One reason for Mr Williams concerns can be seen in the following chart in the FT sourced from the Fed itself:
This neatly sums up the reasons why what we're experiencing is a credit crises and not a conventional recession. I would hazard a guess that this is similar to Japan post the bursting of the bubble back in the early 90's. What we learned from 20 years of Japanese misery is that loose monetary conditions alone do not in fact lead to a recovery in credit markets. In fact this type of policy leads to continual distrust within a credit system as in order to efficiently disperse available capital to enterprises likely to use it wisely requires a certain faith in the system. By pushing down rates to (in the case of Japan) zero or lower actually sends the wrong signal especially if depositors (the public or cash rich corporates) see no quick change in the uptake of this cheap capital. In fact the message becomes one of - "wow, if rates are negative how come the smart people in the economy don't use it? In that case I'm/we're worried and therefore don't trust the system ourselves." The Fed now is effectively pushing on a string, just as the Bank of Japan has for many years. Credit is not getting through to SME's and therefore those free enterprise economies are unable to stimulate enough growth to increase employment. I hate to say it, but perhaps the governments should tighten monetary policy while simultaneously loosening credit conditions by either nationalisation of the banking system or the creation of new credit dispersing bodies (e.g. Fannie Mae and Freddy Mac) with clean balance sheets able to lend at reasonable terms without the anchor of bad loans and mental destruction from the 2007/8 crisis.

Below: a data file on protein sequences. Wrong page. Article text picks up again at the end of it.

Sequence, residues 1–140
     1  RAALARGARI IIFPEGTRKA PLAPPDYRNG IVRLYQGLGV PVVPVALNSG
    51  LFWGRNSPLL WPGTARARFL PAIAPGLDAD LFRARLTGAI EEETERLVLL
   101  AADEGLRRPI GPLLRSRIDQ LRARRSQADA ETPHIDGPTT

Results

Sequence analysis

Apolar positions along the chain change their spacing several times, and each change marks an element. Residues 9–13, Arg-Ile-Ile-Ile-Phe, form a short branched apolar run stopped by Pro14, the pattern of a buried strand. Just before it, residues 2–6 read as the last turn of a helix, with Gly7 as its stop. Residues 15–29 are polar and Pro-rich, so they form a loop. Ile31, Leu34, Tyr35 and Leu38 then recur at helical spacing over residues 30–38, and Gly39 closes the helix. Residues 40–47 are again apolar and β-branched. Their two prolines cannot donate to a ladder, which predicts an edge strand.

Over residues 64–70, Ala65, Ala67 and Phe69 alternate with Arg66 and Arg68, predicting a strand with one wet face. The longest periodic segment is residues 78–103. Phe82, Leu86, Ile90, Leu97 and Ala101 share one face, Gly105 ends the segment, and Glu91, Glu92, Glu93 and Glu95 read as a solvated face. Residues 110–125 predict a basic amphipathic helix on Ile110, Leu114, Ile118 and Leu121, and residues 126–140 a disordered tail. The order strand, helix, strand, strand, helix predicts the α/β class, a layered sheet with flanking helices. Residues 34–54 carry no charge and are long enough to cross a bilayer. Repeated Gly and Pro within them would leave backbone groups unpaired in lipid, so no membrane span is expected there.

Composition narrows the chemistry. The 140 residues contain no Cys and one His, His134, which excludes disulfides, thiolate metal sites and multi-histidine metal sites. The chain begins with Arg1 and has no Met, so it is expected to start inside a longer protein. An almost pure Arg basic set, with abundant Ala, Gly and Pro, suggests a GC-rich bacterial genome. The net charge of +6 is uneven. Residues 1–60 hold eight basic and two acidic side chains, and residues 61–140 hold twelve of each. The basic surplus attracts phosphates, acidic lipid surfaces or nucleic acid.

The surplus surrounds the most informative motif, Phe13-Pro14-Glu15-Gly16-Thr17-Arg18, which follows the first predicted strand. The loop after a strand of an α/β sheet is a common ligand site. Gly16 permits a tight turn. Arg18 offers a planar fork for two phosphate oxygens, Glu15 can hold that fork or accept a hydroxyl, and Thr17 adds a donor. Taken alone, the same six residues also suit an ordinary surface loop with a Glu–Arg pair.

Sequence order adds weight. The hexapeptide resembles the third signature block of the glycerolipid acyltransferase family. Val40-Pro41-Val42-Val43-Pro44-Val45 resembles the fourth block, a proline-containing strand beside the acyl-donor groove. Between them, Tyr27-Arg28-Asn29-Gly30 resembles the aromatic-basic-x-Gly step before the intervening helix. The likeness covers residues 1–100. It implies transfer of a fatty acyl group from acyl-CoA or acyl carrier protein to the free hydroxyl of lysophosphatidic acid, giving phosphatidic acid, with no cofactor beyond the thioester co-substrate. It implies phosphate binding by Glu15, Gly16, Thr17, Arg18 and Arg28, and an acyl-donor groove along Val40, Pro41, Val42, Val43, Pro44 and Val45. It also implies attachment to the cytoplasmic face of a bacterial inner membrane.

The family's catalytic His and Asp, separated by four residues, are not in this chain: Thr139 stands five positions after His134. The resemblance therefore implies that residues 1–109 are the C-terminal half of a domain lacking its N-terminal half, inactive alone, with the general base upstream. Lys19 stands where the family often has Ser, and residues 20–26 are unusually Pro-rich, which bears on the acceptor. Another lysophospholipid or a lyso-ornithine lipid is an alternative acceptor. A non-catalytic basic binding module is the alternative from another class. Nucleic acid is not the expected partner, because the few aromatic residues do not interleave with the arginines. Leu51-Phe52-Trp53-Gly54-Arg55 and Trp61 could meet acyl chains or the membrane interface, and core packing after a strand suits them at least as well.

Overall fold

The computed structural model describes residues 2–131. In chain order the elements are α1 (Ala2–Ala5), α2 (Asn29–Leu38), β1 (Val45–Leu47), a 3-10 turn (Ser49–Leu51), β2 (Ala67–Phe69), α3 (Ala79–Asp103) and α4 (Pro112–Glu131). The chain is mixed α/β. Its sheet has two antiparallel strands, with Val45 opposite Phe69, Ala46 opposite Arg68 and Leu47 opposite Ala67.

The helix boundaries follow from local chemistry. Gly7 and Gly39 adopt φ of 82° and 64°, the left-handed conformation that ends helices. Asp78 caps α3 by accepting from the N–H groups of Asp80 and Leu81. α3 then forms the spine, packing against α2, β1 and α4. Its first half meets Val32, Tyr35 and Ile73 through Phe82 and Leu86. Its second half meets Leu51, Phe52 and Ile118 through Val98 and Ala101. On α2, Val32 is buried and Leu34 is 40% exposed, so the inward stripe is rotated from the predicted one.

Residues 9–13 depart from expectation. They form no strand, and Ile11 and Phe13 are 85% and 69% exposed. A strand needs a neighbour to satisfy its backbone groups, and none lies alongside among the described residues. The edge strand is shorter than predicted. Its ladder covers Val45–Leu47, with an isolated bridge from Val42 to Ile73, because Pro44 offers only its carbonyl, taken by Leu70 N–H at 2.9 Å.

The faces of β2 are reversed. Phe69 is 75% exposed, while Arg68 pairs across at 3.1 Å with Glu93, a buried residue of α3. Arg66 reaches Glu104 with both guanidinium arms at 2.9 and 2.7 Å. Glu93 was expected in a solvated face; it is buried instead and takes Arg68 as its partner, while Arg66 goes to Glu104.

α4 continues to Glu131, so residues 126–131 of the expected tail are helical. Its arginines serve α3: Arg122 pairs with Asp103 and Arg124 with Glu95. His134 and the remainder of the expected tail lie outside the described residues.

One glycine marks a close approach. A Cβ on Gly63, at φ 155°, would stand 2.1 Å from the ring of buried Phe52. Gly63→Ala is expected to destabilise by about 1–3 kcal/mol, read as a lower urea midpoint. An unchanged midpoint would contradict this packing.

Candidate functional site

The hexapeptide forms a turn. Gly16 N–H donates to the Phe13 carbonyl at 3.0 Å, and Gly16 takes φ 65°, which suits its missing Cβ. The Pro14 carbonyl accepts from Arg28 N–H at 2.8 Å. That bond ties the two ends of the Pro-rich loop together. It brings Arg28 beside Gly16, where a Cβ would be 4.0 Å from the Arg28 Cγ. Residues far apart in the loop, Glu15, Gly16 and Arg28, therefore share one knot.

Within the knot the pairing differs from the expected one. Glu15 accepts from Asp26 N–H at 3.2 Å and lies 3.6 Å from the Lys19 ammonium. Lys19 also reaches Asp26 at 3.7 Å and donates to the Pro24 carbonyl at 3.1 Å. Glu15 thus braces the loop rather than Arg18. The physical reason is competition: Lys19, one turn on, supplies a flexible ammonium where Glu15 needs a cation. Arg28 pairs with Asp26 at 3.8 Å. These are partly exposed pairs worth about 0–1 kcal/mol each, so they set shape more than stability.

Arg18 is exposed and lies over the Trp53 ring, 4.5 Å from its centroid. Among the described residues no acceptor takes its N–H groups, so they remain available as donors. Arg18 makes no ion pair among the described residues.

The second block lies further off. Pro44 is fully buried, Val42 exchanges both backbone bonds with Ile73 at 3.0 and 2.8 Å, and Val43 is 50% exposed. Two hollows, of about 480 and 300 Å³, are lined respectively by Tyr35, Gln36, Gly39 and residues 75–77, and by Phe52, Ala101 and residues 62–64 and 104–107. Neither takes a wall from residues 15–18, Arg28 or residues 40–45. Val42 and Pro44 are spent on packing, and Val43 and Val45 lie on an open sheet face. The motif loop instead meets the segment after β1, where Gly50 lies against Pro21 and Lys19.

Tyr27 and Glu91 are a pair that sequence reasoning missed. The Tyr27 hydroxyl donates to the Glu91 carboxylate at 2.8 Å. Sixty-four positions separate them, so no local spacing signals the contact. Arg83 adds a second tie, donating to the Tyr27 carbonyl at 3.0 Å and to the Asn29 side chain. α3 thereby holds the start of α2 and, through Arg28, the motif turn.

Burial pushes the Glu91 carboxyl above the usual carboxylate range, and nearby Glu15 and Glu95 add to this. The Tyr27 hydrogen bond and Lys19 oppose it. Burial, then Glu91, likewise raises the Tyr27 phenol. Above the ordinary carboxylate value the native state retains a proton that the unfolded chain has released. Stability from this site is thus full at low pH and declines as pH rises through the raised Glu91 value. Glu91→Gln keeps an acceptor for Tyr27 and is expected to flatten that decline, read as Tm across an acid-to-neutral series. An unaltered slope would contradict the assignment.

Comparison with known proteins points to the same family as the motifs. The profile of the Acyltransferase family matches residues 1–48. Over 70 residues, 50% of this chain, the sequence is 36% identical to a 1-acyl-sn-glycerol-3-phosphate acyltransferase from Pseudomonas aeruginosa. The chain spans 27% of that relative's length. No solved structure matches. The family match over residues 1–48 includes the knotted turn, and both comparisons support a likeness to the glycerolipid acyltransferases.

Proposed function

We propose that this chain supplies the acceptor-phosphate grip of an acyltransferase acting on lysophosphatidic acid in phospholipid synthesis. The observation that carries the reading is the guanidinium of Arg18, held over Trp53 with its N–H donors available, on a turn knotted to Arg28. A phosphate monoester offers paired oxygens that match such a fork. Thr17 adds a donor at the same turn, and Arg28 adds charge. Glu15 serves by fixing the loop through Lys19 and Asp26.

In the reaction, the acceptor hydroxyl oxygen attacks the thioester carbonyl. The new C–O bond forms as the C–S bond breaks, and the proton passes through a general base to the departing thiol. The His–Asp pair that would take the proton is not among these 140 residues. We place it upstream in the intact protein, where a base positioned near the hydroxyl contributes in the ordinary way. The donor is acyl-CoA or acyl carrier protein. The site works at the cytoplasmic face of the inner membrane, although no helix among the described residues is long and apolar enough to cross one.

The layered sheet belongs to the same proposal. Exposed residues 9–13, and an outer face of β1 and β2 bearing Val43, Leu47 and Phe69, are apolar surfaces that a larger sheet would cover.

The earnings season as I said earlier has been a positive for the stock market, but Apple reports today and given it's status as bellwether and safe haven it will be crucial in deciding the next technical move in markets. Apple’s earnings for the quarter are seen at $10.38 a share, based on Thomson Reuters I/B/E/S. That compares with a profit of $7.79 a share for the year-ago quarter. Apple’s shares are up 49.2% for the year so far. I doubt they'll announce any further enhancements to their balance sheet via dividends or buybacks, but be aware there is potential for both.